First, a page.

Before the Trip
You must have a passport to enter Japan. Confirm that yours is active and has an expiration date at least six months after your departure from Japan at the end of our trip.
A 90-day tourist visa is automatically granted to U.S. or Canadian citizens. If you are a citizen from another country, please check with the Japanese consulate about visa requirements. If necessary, I will be happy to write a letter on your behalf for the purposes of obtaining a visa. However, you are responsible for securing a visa in a timely manner prior to our departure.
Guests are not easily accommodated during our trip. As an educational experience for credit, participants must enroll with the Learning Abroad Center, and pay the necessary fees and obtain international health insurance as other participants. Japan is an incredibly dense country, making travel with large groups and finding large blocks of hotel rooms difficult. If you would like to a family member or friend not enrolled in the trip to join you, I recommend that your guest arrange to meet you after the conclusion of our class.
You are responsible for purchasing your own round-trip ticket. Please arrange your flight to arrive on the scheduled day (see Schedule for details). Your departure date should be on or after the scheduled class conclusion (you may travel further after the completion of the course, however, the university will no longer be responsible for your welfare). After you have purchased your ticket, please notify me of your airline(s) and the dates and times of your flights.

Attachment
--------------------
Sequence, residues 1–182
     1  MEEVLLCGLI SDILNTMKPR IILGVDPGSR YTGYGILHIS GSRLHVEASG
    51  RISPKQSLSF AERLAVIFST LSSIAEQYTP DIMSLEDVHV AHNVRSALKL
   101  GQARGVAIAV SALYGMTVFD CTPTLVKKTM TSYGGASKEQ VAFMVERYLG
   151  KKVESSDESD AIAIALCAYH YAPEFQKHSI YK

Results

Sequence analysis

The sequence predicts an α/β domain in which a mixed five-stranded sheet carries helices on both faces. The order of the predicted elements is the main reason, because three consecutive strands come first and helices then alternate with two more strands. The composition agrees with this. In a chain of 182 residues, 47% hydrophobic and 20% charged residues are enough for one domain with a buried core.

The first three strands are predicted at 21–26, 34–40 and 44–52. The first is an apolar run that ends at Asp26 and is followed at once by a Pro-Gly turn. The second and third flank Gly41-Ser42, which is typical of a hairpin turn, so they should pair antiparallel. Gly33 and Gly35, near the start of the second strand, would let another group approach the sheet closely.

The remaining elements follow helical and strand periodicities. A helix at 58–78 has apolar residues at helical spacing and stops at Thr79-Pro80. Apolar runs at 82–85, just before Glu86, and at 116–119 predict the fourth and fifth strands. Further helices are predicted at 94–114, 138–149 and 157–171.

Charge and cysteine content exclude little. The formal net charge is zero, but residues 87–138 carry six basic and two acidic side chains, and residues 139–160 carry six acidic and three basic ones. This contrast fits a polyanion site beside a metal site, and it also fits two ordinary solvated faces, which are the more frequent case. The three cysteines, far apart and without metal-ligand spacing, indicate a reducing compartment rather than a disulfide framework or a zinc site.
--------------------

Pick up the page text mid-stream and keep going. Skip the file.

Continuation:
The Japan Rail Pass is an incredibly economical way to travel long distances in Japan. The rail pass is only available to tourists, and may not be purchased in Japan. Therefore, you must purchase an exchange voucher prior to your departure from the U.S., which you will exchange for a rail pass in Japan. You may purchase a 7-day rail pass voucher from a company like Kintetsu International—please buy the Tourist (Ordinary) Class pass and not the Green (First) Class pass, which is unnecessary.
At least one day before our cross-country trip in Japan, you will need to exchange your voucher for the actual rail pass. Take your voucher and passport to one of the larger JR stations (Ueno being the closest to our hotel), and find the Travel “view” office. Make sure to confirm the start date of your pass with me.
As the common travel wisdom dictates, lay out everything you think you will need for the trip, then remove half of it before you pack. If there is any destination that merits packing light, it is Japan. Even a medium-sized suitcase will feel gargantuan when boarding a crowded subway, and a large suitcase might not fit in your hotel room closet. Take extra time to pack smart, opting for travel-sized toiletries or compact products whenever possible. Make sure your luggage conforms to international flight weight limits (to avoid surcharges), and remember to leave room for souvenirs as shipping is very costly. If you are worried about running out of something, keep in mind that Tokyo is the largest city in the world—meaning you can probably get more there.